The purple-clad supporters of Niagara University were barely visible on Friday, March 16, 2012, the
night of the Atlantic Hockey Association (AHA) semifinal game between the Purple Eagles and the
Tigers. Orange and brown dominated the stands of Blue Cross arena, forcing NU’s fans to cluster in a
tiny corner of the room. Energy was running high, as the winner of the night’s match would determine
who was to face Air Force in the championship game the following day.
The first period opened with a roar of support as the men took to the ice. The normally rowdy crowd
was particularly intense that evening. No progress was made over the first 20 minutes, however, and
the first period ended without either team scoring. The second passed in largely the same manner, with
neither side taking even a single point. The competition steadily grew fiercer as time ticked away; both
shots and penalties increased for both teams. It was becoming clear that the teams were on level footing
and would be fighting hard for any points they could earn. The lack of progress was clearly taking its
toll on the crowd, as the initial surge of energy seemed to have ebbed away.
With the start of the third period, some were beginning to lose hope that the game would end in a tie,
until the tension was broken suddenly by a goal from RIT first year Marketing major Matt Garbowsky.
That single goal was all it took to revitalize the crowd; cheers exploded and flags were run around
the arena in celebration. The men kept up the assault, determined to advance their lead further. Ten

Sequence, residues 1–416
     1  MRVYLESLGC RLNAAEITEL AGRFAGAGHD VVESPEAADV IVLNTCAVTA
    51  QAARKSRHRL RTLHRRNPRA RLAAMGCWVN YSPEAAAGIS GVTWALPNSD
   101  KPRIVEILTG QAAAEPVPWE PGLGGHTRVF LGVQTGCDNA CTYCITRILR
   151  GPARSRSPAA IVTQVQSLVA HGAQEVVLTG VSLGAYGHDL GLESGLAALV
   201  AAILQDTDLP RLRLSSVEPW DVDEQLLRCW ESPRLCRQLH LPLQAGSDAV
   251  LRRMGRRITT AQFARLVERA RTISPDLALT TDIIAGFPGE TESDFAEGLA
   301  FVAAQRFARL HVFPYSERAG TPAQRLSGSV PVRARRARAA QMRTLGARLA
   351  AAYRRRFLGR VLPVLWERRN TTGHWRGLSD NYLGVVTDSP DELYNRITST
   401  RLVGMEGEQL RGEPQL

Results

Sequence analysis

full minutes passed without another goal. Just when it was looking like a 1-0 victory for RIT, Niagara
slipped in a goal with a little over six minutes left, ending the game in a tie.
Sudden death brought an overwhelming sense of tension over the crowd. This was it. A single goal
would determine who moved on to the championship. At first it was looking like the tie-breaker period
would progress in the same fashion as the first two periods, with a few close calls for RIT’s defense in
particular. Three minutes in, fourth year Biomedical Sciences major Taylor McReynolds managed to
slip the decisive goal past Niagara’ defense, taking the game and the semifinals.
Victory against Niagara meant RIT could advance to the finals of the AHA Championship against the
first-seeded team. This is the second year in a row that the final match has seen Air Force and RIT as
its competitors, with the final match last year ending in a loss for the Tigers. This year, the team faired
similarly, losing to the Air Force 4-0. However, the Friday’s win remained particularly important for
RIT, as it signaled the first time the Tigers have beaten the Purple Eagles in over 15 years.